HANOI (Reuters) – Vietnam is in talks with the Czech Republic on military supplies, including aircraft, radars, upgrades to armored vehicles and firearms, as Hanoi aims to diversify its Russian arsenal, a Czech government source told Reuters.
Security was one of the most important topics discussed by Czech Prime Minister Peter Fiala with Vietnamese leaders in a three-day visit to the country last week, the official said, noting that security companies were the largest component of the business delegation that accompanied Fiala.
The former Soviet satellite nation is seen as well placed to meet some of Vietnam’s growing security needs as its military companies excel at modifying Russian equipment and often make new equipment compatible with old Soviet weapons – a skill particularly well regarded in Vietnam where an estimated 80 % of the domestic arsenal comes from Russia.
Over the past two decades, Prague has already positioned itself as a major supplier of arms from the European Union to Vietnam, according to data from the Stockholm think tank SIPRI.
Hanoi has ordered 12 L-39NG light fighter jets in 2021 from Czech manufacturer Aero Vodochody, with deliveries starting this year. The source, who attended the high-level meetings and asked not to be identified because the talks were internal, said there are talks to deliver more of these planes.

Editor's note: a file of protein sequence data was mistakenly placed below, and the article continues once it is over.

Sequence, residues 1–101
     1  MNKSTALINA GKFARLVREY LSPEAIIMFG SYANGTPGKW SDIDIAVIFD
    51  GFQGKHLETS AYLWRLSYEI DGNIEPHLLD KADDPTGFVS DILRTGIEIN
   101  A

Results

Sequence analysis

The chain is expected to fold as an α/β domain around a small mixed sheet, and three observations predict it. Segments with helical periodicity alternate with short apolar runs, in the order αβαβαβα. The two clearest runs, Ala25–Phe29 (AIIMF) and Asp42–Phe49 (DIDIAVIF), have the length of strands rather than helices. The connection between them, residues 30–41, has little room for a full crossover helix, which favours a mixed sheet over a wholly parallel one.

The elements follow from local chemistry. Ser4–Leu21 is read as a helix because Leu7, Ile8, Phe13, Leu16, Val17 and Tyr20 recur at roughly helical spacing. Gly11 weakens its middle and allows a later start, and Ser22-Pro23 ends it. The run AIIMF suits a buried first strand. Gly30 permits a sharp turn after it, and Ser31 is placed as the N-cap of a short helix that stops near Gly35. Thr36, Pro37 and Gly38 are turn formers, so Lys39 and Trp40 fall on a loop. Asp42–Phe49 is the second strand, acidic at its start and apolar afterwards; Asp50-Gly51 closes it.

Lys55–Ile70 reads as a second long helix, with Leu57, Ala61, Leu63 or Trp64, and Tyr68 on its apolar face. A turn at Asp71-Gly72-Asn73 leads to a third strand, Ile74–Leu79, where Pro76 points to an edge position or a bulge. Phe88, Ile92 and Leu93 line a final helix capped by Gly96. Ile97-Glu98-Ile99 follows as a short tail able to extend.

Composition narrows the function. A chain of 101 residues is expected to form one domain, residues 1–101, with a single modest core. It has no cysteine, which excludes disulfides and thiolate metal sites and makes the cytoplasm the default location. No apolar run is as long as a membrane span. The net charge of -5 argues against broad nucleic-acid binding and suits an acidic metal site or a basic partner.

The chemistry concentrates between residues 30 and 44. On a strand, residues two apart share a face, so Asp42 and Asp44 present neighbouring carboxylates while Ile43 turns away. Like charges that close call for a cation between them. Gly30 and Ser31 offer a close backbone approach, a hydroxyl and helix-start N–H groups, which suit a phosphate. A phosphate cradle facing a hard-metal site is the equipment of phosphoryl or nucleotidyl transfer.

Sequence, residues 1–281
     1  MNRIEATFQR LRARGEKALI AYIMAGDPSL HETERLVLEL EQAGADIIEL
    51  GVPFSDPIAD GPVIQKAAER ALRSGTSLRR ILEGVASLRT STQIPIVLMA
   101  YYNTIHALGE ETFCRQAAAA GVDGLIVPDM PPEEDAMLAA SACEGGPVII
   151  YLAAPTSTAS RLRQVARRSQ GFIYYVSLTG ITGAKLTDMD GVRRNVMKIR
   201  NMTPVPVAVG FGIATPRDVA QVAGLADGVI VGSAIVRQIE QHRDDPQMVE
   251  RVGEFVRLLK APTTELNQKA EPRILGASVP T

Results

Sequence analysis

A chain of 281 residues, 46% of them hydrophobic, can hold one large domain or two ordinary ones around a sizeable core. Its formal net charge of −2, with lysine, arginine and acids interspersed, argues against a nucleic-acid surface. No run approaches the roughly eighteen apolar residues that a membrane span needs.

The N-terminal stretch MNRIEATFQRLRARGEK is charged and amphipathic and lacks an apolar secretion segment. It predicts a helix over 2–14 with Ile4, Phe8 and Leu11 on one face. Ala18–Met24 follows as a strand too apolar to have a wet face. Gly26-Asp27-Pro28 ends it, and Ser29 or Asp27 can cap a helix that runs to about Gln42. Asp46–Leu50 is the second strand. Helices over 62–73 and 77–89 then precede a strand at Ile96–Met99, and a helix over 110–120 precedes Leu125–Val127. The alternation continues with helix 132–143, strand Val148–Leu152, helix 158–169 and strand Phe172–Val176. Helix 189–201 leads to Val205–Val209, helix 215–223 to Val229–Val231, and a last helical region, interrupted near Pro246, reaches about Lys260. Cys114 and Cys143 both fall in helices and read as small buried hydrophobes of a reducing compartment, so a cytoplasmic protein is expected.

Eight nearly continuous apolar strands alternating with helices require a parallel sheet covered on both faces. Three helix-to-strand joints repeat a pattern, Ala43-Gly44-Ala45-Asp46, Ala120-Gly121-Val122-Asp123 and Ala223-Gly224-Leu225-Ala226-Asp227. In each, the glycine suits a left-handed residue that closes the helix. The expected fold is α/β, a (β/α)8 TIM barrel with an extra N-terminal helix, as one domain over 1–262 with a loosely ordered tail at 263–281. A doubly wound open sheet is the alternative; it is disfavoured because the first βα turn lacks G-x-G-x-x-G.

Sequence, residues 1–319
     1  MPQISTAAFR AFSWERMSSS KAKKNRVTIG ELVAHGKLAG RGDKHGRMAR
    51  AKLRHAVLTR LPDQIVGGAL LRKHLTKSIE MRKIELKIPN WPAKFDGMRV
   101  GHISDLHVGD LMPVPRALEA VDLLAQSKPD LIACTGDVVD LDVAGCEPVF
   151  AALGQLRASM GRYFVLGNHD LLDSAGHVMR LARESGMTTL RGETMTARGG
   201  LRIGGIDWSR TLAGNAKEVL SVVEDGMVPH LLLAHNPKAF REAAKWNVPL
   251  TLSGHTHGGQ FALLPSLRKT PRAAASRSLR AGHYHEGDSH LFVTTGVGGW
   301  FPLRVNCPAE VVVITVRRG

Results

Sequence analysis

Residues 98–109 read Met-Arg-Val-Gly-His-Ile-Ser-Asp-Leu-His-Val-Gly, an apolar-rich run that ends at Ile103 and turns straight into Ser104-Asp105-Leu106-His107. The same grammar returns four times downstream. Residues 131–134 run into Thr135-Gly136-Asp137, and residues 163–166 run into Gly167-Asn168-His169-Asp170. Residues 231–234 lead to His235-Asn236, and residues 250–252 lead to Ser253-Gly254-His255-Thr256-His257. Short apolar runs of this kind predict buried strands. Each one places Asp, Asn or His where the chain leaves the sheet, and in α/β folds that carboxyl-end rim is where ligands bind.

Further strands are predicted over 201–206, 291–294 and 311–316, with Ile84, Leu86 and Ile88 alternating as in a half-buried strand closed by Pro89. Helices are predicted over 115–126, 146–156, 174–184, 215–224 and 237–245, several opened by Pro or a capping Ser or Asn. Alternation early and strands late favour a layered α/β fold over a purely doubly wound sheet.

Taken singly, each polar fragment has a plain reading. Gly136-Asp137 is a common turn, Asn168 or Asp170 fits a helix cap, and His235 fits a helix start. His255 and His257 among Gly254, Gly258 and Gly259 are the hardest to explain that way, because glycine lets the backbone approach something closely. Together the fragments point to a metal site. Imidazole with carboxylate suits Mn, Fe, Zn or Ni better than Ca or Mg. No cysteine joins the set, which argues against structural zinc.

At the end of a meeting between Fiala and Vietnamese Prime Minister Pham Minh Chinh, the Vietnamese government said that “the two leaders agreed to intensify cooperation in the field of security and defence,” among other areas.
The official said Prague could support arms technology transfers and local manufacturing if major supply deals are concluded.
Of the 15 companies that made up the Czech business delegation, four were security companies. These are the Czechoslovakian Group, Colt CZ Group, Omniball and WestV Group, the official said.
The four companies did not respond to requests for comment.
Omnipol has a minority stake in Aero Vodochody and owns Aircraft Industries, the Czech manufacturer of the L 410 NG freighter, the sale of which was also discussed last week with Vietnamese military procurement officers, the official said. Similar talks were held in recent days with Indonesian civil officials and their Filipino counterparts as part of the Czech delegation’s tour of Asian countries.
The official said Omnipool officials also held talks in Vietnam about the potential sale of dual-use radars for installation at civilian and military airports.
In Hanoi, the STV Group and the CZ Group discussed potential contracts to upgrade Soviet-made Vietnamese tanks and armored vehicles with advanced technologies including communications equipment.
Under these contracts, companies can also provide spare parts and maintenance, the source said, noting that the talks are still preliminary and a new agreement was not signed last week.
An executive with Excalibur Army, part of the Czechoslovakian group, said talks about possible deliveries of armored vehicles, rocket launchers and howitzers are progressing very slowly.
There was no immediate comment from the Vietnamese Foreign Ministry and the Czech Embassy in Hanoi.
The source said potential sales of the firearms were also discussed with Colt CZ Group, the Czech holding company that owns a well-established American maker of rifles and rifles.
(Reporting by Francesco Guarascio; additional reporting by Khanh Phu; Editing by Raju Gopalakrishnan
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